Interesting articles about insurance

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Insurance Law: Introduction

The insurance sector in South Africa is governed mostly by statutory law through various acts promulgated by parliament.

The industry is also specifically regulated by the Financial Services Board in terms of the legislation and regulations promulgated by parliament.

How does this affect the vehicle owner and which are the most important aspects in Car Insurance Law that the consumer needs to know? Two acts are briefly discussed here.

Short-term Insurance Act 53 of 1998 

The Short-term Insurance Act 53 of 1998 (amongst other things): 

– Provides for the registration of short-term insurers.

– Control the activities and administration of short-term insurers and intermediaries.

– Prescribes financial requirements, solvency and liquidity.

– Regulates policies and business practices and offers policy holder protection.

– Regulates commissions, premium collection and claims handling.

Financial Advisory and Intermediary Services Act 37 of 2002

Generally called the FAIS Act.  In essence, the FAIS Act deals with:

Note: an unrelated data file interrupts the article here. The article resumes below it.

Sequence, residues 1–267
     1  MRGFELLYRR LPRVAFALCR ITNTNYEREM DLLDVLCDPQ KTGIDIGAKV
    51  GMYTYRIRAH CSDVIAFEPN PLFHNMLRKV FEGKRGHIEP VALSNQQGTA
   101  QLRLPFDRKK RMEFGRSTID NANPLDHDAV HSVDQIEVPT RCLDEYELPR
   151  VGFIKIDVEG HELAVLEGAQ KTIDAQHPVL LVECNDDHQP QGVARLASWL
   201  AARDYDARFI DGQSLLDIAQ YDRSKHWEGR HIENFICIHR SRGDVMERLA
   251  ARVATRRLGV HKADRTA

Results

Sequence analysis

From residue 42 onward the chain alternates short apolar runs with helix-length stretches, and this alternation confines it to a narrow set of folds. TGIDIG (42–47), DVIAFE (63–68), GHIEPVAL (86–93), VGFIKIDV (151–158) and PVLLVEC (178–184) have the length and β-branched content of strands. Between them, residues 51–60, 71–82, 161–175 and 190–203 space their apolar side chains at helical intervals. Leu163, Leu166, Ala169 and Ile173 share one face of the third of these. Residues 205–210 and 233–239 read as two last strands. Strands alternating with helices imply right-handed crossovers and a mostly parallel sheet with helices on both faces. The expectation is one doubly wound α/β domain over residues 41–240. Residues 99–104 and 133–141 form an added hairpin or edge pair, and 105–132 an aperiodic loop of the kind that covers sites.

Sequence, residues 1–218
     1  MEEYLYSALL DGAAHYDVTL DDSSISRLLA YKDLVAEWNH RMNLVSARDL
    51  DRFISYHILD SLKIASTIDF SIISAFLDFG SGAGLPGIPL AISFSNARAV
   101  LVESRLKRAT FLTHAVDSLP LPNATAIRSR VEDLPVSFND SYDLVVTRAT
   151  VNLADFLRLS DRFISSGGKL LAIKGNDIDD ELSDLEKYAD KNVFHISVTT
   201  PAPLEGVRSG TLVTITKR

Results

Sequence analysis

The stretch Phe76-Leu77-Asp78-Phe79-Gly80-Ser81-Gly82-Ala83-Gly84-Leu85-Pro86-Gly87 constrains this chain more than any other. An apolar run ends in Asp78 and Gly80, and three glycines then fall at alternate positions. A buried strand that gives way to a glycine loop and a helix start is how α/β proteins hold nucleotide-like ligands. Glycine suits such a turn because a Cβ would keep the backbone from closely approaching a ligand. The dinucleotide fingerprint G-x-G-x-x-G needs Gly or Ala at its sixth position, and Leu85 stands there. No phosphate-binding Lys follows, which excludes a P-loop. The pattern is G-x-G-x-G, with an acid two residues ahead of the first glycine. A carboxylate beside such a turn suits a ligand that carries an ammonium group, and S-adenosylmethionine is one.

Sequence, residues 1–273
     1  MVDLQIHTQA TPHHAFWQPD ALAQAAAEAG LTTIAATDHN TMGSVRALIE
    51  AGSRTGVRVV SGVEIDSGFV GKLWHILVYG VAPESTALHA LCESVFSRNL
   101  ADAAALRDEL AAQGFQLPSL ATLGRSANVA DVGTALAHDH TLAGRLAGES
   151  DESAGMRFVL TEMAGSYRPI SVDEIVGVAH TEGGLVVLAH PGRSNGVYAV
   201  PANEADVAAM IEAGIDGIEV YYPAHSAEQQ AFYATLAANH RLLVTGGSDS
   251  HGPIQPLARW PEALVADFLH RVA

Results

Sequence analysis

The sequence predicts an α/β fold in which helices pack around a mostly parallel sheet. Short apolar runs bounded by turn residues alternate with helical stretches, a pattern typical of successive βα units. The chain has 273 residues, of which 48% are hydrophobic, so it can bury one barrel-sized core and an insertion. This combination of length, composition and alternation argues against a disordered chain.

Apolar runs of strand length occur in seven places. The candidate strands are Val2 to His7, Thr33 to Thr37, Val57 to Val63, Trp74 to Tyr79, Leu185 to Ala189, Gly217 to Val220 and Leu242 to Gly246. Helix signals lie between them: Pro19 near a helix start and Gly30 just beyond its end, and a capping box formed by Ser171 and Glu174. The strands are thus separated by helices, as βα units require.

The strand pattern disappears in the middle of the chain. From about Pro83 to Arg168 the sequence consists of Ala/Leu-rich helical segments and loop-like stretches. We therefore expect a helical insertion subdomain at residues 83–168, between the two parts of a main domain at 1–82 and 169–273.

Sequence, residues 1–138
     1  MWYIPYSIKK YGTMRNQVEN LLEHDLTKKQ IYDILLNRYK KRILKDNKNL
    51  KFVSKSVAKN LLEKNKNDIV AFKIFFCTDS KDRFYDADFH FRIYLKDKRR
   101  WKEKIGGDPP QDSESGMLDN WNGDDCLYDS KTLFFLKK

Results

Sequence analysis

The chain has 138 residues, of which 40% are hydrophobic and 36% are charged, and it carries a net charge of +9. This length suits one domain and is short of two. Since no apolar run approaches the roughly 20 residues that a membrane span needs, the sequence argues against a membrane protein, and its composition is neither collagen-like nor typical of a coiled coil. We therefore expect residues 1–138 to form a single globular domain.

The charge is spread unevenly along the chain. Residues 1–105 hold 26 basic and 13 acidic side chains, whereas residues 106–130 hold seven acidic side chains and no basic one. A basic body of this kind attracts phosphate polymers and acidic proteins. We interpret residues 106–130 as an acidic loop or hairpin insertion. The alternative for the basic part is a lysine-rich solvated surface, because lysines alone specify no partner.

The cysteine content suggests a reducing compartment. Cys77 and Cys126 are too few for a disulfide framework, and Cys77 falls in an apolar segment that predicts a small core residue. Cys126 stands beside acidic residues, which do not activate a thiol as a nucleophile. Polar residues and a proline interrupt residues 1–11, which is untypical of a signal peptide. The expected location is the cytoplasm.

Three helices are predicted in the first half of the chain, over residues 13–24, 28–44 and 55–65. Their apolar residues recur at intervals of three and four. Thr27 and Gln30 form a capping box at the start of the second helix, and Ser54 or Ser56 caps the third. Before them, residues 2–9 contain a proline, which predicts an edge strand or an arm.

-Regulating brokers as intermediaries and advisors, and includes various other professions

-The role of the Ombudsman is explained and formulated.

-General Code of conduct for authorised financial services providers (FSP’s).

-Determination of Fit and Proper Requirements.

It is illegal for anyone who has not applied to the Financial Services Board to be licensed as a financial service provider, to give a consumer financial advice or sell a financial product. This law protects the consumer from inappropriate financial advice, and consumers can take action if they are given bad advice.

In terms of this law, anyone or any institution selling a financial product or giving financial advice for a fee or commission must, in all their dealings, meet certain minimum requirements; behave honorably, professionally and with due diligence; provide appropriate advice; and are subject to disciplinary procedures if they do not adhere to the FAIS Act.

A financial service provider (FSP) or an FSP representative must always provide financial services honestly and fairly and with due skill, care and diligence. The service must be in the customers’ interests, and uphold the integrity of the financial services industry.

If a consumer receives inappropriate advice or if a financial service provider (FSP) or FSP representative has not followed the proper procedures, the consumer is entitled to complain to the Ombud for Financial Service Providers. A determination by the Ombud is legally binding.



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